Ines Mergel, social media specialist: „Government agencies are not used to liking, sharing”
In order to highlight a few of the major aspects regarding the use of social media instruments at the level of public administrations, we tried to obtain a specialist’s opinion. Therefore, we talked to Ines Mergel, who is an assistant professor in the Department of Public Administration and International Affairs, and a Senior Research Associate in the Center for Technology and Information Policy, at Syracuse University’s Maxwell School of Citizenship and Public Affairs.
In the next lines, you can read about Ines Mergel’s advice regarding the use of social media instruments.
1. What could be the main advantages and risks, for the public administration, of using social media tools such as Facebook or Twitter?
Generally, I would say that government has more to gain from the use of social media than to lose. However, the problem is that government agencies are not used to ‘friending’, ‘liking’, ‘sharing’ or even just proactively pointing citizens to government content. The information and communication paradigm in the public sector is usually limited to low frequency of information sharing. That means in a press release-style an agency shares information when it actually has something to say. The fast and furious online exchanges on social networking sites are oftentimes very challenging to the bureaucracy: government officials are bound to their internal policies and regulations, have to keep the hierarchy in mind and get confirmation before they share information.
The advantages are pretty clear – not just to me – but for government organizations. In the U.S., 90% of local government agencies have a Twitter account and 94% have a Facebook account. Many also maintain other content creation sites, such as Instagram accounts or blogs, so that citizens are notified in case there is new information. On the federal government level all agencies maintain a presence on social media and they “want to be where the people”: To represent themselves, but also to reach citizens where they prefer to receive their information. Social media channels have become an important part of the communication tool kit to test the ‘temperature’ (how people feel about policy changes), increase public awareness for programs and pull people in to government information on an agency’s website. Another important part is that government does not always have to be actively involved in online network exchanges, it oftentimes helps them to listen in and share correct information in case people are spreading rumors.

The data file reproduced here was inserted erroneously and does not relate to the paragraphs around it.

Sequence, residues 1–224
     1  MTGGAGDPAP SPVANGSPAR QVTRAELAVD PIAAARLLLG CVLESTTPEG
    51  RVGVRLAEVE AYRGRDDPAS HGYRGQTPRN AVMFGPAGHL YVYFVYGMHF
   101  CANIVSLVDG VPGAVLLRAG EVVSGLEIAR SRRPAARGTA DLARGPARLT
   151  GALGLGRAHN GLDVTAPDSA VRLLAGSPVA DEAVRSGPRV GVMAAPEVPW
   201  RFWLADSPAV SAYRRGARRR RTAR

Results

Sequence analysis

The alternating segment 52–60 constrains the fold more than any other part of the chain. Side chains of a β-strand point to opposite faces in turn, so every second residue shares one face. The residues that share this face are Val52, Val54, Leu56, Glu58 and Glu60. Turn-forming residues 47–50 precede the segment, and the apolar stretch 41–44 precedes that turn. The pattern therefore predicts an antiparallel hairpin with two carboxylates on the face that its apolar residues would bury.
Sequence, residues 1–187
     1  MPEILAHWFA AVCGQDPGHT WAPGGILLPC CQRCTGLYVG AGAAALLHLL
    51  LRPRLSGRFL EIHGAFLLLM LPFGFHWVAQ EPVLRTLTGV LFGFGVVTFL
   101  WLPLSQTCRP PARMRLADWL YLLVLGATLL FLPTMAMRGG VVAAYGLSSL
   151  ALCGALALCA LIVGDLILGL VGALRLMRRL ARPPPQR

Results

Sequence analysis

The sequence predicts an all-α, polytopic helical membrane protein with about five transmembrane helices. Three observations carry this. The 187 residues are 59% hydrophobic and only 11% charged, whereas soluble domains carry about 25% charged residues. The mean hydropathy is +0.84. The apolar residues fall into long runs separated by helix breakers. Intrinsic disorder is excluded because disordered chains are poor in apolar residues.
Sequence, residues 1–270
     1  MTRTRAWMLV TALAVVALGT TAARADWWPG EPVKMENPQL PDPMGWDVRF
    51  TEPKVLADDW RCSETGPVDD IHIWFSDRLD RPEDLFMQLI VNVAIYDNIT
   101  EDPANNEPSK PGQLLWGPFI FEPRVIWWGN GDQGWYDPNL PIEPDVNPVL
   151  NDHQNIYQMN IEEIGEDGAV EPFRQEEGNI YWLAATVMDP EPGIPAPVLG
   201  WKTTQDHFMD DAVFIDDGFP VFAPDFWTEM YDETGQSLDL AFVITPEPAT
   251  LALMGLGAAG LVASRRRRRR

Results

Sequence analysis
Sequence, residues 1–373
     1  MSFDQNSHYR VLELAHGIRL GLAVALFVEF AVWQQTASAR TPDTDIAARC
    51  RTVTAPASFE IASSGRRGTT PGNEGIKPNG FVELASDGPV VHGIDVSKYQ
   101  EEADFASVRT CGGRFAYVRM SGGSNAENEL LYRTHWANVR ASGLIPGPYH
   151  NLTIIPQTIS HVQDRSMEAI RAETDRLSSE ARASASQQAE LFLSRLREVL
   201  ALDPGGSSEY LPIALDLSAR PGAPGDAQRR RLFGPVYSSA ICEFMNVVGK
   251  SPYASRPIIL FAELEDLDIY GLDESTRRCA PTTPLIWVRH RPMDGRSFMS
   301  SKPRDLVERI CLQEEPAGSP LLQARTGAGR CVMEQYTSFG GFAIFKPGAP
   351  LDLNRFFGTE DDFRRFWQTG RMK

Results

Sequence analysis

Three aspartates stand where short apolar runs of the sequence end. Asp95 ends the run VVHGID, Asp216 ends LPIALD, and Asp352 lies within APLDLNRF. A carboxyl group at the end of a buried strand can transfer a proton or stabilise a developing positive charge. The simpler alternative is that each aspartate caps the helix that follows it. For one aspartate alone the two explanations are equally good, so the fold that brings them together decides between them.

The risks are unfortunately always present and every time something goes wrong on social media, internal policies are tightened to prevent missteps in the future. I believe the greatest risk is over-communication and not understanding the individual culture of each social networking site. Oftentimes, government agencies simply replicate their standard communication to Web 2.0 applications, completely ignoring citizens’ needs. This is certainly a reflection of government employees’ digital literacy. But also a function of the fast changing nature of the sites. People can’t handle the amount of comments they receive once the floodgates on social media are opened and tend to ignore comments – a practice that can backlash as well. The result is that citizens see a confirmation of their bias that government is slow to respond and might even make fun of agencies. Another huge risk is to abandon social media sites or not moving on when a social networking site clearly does not attract the stakeholders an agency wants to reach. A great example is ironically enough the FBI’s Facebook page. There is no moderator, no commenting policy enforcement or active responses to citizens.